If they answer yes the first question and to any of the subsequent questions, then they are a potential target. This statement is not meant to spread fear, uncertainty, or dread - it is a simple fact of life. Not all attacks are going to put you out of business, and not all attacks are going to result in a direct loss of revenue, but if you are not taking a few relatively simple steps to protect your data and your brand, you are taking unnecessary risks with your business.

Why are Websites vulnerable? First of all, most of them run Web applications, and Web applications are fraught with vulnerabilities. Despite the good efforts of OWASP, 95% malware infections in 2011 occurred through Web applications.* The fact is that apps are being built without proper vulnerability testing. One relatively simple way to protect yourself if you have Web apps is to install a Web application firewall. 

Second of all, media companies represent a diverse set of interests, and usually the properties they own regularly editorialize on controversial topics.  Media companies are thus more likely to attract the attention of hacktivists who are looking to DDoS a target for political reasons.

Third of all, media companies rarely do not engage in commerce on their Website. Consider all of the film- and show-related merchandise available for purchase through most media sites.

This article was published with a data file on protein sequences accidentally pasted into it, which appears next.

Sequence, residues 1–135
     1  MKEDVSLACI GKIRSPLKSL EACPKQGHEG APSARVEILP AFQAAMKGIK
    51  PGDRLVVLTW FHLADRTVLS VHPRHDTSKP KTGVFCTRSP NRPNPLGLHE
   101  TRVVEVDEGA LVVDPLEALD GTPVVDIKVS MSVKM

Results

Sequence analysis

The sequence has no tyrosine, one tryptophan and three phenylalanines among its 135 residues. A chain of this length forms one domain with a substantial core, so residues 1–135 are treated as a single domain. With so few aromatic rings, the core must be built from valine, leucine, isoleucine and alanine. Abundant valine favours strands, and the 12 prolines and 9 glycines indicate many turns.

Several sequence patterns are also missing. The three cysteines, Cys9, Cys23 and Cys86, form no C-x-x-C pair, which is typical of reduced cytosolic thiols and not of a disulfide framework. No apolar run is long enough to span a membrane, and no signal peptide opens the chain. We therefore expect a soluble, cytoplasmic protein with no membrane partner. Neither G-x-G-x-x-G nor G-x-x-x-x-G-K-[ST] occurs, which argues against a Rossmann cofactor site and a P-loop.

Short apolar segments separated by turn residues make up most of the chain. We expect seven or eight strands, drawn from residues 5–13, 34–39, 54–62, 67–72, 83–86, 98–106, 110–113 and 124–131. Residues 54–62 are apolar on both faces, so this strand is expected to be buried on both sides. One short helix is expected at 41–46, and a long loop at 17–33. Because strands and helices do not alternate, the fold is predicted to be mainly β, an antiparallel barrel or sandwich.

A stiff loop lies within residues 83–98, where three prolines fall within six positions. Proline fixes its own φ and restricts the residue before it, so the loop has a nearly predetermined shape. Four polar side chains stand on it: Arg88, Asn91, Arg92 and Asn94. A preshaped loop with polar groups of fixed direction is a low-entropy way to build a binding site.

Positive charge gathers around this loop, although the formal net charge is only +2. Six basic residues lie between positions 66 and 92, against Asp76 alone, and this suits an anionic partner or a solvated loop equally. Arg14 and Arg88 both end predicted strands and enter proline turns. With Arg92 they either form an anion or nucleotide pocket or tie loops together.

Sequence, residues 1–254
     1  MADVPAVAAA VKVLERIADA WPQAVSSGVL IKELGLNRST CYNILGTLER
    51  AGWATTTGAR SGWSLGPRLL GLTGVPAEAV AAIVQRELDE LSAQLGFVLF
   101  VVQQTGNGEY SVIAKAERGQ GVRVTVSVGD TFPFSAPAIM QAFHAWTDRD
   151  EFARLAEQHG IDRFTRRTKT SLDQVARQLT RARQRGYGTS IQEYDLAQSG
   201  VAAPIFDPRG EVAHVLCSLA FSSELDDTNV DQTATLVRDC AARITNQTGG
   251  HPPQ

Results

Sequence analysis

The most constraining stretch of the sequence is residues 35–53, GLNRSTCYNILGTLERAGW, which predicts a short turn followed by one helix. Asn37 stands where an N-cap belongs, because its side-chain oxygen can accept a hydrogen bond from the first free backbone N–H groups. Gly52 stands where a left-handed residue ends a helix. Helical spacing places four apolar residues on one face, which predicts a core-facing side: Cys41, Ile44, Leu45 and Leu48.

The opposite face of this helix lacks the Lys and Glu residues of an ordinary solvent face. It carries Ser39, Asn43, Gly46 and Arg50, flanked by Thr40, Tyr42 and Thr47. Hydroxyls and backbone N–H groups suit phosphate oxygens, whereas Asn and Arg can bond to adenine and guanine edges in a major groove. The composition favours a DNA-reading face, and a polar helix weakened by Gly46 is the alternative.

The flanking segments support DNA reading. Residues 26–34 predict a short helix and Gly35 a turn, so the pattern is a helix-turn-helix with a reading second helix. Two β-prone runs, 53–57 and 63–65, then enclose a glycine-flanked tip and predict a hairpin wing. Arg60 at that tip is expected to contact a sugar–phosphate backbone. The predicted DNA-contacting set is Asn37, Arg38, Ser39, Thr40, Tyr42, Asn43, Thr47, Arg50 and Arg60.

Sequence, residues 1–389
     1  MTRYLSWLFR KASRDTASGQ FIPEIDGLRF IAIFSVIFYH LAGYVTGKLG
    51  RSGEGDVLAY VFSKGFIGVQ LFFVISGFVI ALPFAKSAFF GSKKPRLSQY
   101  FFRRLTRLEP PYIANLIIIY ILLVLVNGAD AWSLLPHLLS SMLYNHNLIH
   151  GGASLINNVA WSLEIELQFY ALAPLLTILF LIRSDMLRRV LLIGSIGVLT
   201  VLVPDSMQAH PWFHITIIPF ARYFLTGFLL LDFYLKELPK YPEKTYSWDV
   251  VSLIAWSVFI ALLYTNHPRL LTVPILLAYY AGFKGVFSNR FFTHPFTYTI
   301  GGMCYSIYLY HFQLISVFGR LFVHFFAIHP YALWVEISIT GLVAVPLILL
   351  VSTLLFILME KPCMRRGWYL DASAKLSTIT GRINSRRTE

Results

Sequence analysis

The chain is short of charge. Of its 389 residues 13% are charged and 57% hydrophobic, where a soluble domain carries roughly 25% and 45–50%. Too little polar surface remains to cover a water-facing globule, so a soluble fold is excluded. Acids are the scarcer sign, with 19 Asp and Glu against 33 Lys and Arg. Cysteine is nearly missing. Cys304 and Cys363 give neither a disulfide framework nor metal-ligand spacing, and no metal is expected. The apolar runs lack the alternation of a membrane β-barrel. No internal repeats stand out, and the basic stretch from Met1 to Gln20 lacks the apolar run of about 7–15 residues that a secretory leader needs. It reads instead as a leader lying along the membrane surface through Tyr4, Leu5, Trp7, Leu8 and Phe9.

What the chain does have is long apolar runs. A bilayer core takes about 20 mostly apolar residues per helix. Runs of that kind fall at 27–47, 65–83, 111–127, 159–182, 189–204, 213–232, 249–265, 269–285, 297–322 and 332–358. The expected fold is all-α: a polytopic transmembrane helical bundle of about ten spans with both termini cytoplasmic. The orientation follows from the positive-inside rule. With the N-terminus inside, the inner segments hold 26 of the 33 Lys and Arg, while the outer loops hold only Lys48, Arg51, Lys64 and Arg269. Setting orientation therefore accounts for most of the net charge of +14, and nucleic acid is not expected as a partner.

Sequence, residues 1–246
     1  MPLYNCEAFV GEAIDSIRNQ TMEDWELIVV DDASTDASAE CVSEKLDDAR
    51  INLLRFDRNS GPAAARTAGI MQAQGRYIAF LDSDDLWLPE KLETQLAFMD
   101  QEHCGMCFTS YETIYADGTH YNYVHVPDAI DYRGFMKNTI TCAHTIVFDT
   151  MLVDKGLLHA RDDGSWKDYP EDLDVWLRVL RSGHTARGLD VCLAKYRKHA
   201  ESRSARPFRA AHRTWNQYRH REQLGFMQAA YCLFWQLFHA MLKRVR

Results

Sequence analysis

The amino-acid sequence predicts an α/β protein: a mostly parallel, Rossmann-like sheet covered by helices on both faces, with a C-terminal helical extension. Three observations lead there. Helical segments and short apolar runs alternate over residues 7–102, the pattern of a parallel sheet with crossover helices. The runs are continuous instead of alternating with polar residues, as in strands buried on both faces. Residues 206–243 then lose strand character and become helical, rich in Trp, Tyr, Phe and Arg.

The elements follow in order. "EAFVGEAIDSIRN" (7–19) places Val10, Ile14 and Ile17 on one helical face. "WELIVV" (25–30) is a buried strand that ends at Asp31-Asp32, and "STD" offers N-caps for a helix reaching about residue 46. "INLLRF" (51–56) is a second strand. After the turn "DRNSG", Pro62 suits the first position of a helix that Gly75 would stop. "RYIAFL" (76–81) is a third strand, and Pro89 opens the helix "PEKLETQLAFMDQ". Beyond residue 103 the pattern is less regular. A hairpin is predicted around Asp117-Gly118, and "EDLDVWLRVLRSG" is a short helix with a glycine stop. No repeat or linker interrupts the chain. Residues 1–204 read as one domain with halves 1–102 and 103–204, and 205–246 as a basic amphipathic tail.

Finally, most of the media sites on the Web today ask visitors to register. Some of the registration forms ask for personally identifiable data like gender, DoB, etc. The moment a site asks for and stores this type of data, they are subject to regulations that govern the protection of Personally Identifiable Information. That would mean the site would have to either undergo a yearly vulnerability assessment by a third party or use a Web Application Firewall in order to comply.  

So whether you are simply a house-husband who only uses e-mail to tell his wife he's picking up milk, or an innocent media company using your Website to guide children through your vast catalog of family-friendly entertainment - you are at risk. Not to say you should worry; just to say that you should be aware that risk existsand that there are things you can do to mitigate your risk.

Pay us a visit during NAB next week. We'll be glad to show how Akamai can help you not only protect your valuable content, but also your complete online presence and brand. 


1 Comment

Let me know if I am vulnerable, please. If I am, what do I do?